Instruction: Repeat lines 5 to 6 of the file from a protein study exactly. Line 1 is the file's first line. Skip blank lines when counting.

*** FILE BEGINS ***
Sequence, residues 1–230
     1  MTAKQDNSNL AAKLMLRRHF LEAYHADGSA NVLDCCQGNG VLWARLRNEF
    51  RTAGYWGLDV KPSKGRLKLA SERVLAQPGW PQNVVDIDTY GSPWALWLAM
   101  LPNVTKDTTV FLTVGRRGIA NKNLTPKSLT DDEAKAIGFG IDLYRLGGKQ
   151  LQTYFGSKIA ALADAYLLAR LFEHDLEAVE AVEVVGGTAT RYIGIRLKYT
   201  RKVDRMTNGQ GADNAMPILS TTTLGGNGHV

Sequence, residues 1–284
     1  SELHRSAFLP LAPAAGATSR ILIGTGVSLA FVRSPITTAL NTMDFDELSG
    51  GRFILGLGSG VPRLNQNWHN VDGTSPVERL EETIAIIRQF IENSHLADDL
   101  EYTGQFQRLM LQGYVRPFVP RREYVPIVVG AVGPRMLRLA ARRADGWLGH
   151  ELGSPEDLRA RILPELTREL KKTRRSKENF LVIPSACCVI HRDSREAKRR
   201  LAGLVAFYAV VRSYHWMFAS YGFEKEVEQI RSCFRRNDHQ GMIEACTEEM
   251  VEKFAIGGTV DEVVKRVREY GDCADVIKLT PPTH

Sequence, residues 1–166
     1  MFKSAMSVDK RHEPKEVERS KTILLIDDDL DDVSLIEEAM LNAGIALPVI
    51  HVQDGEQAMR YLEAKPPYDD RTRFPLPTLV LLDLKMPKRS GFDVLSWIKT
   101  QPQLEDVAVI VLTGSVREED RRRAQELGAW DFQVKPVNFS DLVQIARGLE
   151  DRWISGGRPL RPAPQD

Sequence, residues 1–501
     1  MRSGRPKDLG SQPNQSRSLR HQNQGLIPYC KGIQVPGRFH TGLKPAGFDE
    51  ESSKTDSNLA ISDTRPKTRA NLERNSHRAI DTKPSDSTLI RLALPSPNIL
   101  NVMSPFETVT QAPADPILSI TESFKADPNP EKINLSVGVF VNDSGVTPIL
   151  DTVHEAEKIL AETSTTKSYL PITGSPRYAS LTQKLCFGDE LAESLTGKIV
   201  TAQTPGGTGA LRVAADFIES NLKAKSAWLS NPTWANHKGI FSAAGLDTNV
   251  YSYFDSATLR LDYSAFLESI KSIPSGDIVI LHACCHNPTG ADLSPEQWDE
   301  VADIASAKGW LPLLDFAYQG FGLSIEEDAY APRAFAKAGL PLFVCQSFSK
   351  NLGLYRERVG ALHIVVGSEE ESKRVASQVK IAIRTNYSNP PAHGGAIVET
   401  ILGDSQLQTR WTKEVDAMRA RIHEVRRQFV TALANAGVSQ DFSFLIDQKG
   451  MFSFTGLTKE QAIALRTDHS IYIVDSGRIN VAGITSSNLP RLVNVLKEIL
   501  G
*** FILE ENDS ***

   151  LQTYFGSKIA ALADAYLLAR LFEHDLEAVE AVEVVGGTAT RYIGIRLKYT
   201  RKVDRMTNGQ GADNAMPILS TTTLGGNGHV